Notwithstanding his fiduciary obligations to Apple, Jobs, while serving as the Chairman of Apple’s Board of Directors and an officer of Apple and pretending loyalty to the interests of Apple . . .

(a) secretly planned the formation of an enterprise to compete with Apple;

(b) secretly schemed that his competing enterprise would wrongfully take advantage of and utilize Apple’s plan to design, develop and

market the Next

Generation Product . . .

(c) secretly lured away key

employees of Apple.

oodshop.cn


To try to counter Jobs’s spin, Sculley called Wozniak

2018年11月19日

上海千花坊

Comments Off on To try to counter Jobs’s spin, Sculley called Wozniak


To try to counter Jobs’s spin, Sculley called Wozniak and urged him to speak out. “Steve can be an insulting and hurtful guy,” he told Time that week. He revealed that Jobs had asked him to join his new firm—it would have been a

sly way to land another blow against Apple’s current management—but he wanted no part of such games and had not returned Jobs’s phone call. To the

San Francisco Chronicle, he recounted how Jobs had blocked frogdesign from working on his remote control under the pretense that it might compete with Apple products. “I look forward to a great product and I wish him success, but his integrity I cannot trust,” Wozniak said.

You will recall that at last Thursday’s Board meeting I stated I had decided to start a new venture and I tendered my resignation as Chairman.

The Board declined to accept my resignation and asked me to defer it for a week. I agreed to do so in light of the encouragement the Board offered with regard to the proposed new venture and the indications that Apple would

invest in it. On Friday, after I told John Sculley who would be joining me, he confirmed Apple’s willingness to discuss areas of possible collaboration between Apple and my new venture.

Subsequently the Company appears to be adopting a hostile posture toward me and the new

As you know, the company’s recent reorganization left me with no work to do and no access even to regular management reports. I am but 30 and want still to contribute and achieve.

After what we have accomplished together, I would wish our parting to be both amicable and dignified.

Yours sincerely, steven p. jobs

Jobs admired that kind of thinking, so he made what was quite a gamble. The company would pay an astonishing $100,000 flat fee to get one design. “There was a clarity in our relationship,” Jobs said. “He had a purity as an artist,

but he was astute at solving business problems. He had a tough exterior, and had perfected the image of a curmudgeon, but he was a teddy bear inside.” It was one of Jobs’s highest praises: purity as an artist.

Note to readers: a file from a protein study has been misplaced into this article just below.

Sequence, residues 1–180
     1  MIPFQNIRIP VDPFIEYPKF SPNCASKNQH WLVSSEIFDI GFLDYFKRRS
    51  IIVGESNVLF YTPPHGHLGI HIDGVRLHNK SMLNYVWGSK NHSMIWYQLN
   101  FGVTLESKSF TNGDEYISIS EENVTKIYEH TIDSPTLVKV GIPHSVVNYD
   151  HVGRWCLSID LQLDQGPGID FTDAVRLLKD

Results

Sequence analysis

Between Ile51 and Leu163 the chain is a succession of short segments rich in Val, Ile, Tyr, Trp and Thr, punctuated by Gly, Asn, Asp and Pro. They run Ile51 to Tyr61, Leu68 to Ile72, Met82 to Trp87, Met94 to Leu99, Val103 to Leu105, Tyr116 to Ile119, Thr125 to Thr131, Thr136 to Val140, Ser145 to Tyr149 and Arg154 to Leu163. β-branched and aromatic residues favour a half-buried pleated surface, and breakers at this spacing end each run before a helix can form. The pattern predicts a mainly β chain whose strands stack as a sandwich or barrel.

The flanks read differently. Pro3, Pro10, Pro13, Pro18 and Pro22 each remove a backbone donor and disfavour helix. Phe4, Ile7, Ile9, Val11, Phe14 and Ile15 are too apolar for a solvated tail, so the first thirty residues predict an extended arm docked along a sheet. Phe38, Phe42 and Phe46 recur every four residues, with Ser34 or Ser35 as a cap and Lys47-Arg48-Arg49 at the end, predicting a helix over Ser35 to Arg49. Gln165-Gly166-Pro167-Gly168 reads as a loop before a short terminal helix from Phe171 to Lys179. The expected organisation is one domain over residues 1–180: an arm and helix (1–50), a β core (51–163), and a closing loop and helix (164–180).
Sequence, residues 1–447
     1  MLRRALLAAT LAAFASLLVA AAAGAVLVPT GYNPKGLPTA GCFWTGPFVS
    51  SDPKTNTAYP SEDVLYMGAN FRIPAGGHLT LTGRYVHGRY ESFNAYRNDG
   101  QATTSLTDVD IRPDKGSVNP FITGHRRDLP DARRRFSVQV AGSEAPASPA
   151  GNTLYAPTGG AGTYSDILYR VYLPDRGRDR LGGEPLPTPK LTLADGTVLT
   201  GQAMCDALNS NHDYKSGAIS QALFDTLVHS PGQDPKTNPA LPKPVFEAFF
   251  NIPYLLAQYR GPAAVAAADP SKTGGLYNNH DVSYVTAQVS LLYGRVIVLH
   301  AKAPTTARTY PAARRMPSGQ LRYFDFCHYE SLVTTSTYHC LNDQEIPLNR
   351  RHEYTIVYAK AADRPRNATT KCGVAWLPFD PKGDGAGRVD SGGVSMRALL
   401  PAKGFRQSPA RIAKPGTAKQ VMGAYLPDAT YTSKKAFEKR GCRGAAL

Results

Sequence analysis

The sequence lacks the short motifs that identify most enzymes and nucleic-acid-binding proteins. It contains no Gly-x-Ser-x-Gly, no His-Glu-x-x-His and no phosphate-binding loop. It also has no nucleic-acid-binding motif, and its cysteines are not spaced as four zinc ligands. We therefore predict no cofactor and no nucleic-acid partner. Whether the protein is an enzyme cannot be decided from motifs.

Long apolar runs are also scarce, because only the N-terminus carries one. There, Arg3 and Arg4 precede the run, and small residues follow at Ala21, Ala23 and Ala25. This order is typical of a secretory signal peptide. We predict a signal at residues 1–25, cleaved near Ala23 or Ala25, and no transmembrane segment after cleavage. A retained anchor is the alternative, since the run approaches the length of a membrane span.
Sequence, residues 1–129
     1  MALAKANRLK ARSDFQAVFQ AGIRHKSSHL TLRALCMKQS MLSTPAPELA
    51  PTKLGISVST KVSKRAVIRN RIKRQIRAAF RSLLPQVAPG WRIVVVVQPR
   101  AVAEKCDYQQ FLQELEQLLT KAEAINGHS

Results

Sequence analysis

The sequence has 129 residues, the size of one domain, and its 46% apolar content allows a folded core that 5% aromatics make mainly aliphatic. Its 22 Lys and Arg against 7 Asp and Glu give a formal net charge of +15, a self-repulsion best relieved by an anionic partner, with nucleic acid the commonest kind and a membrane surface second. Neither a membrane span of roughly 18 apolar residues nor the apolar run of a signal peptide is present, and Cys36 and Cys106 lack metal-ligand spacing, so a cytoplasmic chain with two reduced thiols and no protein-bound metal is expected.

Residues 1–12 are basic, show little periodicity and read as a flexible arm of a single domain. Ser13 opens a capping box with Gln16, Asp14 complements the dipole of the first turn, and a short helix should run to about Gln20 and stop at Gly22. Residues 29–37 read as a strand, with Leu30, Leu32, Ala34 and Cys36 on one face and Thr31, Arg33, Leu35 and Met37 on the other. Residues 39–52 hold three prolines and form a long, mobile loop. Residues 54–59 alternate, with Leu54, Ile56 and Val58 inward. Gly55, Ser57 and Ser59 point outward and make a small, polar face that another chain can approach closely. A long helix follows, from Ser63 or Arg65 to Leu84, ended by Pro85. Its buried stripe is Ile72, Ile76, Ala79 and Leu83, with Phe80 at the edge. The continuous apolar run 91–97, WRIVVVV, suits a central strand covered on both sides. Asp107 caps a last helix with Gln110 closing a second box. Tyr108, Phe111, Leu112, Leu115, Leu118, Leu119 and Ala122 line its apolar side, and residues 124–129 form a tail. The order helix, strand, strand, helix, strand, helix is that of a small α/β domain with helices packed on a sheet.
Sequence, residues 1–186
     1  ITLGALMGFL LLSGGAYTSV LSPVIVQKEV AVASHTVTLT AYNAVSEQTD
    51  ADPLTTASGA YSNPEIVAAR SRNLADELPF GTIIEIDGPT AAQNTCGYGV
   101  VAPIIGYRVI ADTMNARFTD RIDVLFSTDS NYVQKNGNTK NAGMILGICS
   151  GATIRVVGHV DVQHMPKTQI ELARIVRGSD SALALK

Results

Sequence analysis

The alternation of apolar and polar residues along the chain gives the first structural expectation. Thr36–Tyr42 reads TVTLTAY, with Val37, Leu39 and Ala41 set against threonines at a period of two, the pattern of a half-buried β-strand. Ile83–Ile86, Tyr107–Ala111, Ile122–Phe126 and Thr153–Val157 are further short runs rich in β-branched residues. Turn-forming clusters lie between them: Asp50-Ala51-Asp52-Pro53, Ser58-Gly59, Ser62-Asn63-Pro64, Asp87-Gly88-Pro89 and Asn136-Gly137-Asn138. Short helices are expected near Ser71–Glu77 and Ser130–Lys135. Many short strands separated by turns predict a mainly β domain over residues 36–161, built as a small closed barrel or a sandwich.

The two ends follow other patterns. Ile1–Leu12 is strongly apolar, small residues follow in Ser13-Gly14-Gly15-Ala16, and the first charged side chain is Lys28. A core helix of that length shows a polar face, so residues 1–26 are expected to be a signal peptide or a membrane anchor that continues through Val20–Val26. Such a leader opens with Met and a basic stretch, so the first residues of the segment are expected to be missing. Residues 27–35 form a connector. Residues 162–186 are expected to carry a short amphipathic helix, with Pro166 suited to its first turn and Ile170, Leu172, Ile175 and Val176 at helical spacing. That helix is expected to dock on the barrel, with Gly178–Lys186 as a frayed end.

venture. Accordingly,

I must insist upon the

immediate acceptance

of my resignation. . . .

www.oodshop.cn


To try to counter Jobs’s spin, Sculley called Wozniak

2018年11月19日

Comments Off on To try to counter Jobs’s spin, Sculley called Wozniak


To try to counter Jobs’s spin, Sculley called Wozniak and urged him to speak out. “Steve can be an insulting and hurtful guy,” he told Time that week. He revealed that Jobs had asked him to join his new firm—it would have been a

sly way to land another blow against Apple’s current management—but he wanted no part of such games and had not returned Jobs’s phone call. To the

San Francisco Chronicle, he recounted how Jobs had blocked frogdesign from working on his remote control under the pretense that it might compete with Apple products. “I look forward to a great product and I wish him success, but his integrity I cannot trust,” Wozniak said.

You will recall that at last Thursday’s Board meeting I stated I had decided to start a new venture and I tendered my resignation as Chairman.

The Board declined to accept my resignation and asked me to defer it for a week. I agreed to do so in light of the encouragement the Board offered with regard to the proposed new venture and the indications that Apple would

invest in it. On Friday, after I told John Sculley who would be joining me, he confirmed Apple’s willingness to discuss areas of possible collaboration between Apple and my new venture.

Subsequently the Company appears to be adopting a hostile posture toward me and the new

As you know, the company’s recent reorganization left me with no work to do and no access even to regular management reports. I am but 30 and want still to contribute and achieve.

After what we have accomplished together, I would wish our parting to be both amicable and dignified.

Yours sincerely, steven p. jobs

Jobs admired that kind of thinking, so he made what was quite a gamble. The company would pay an astonishing $100,000 flat fee to get one design. “There was a clarity in our relationship,” Jobs said. “He had a purity as an artist,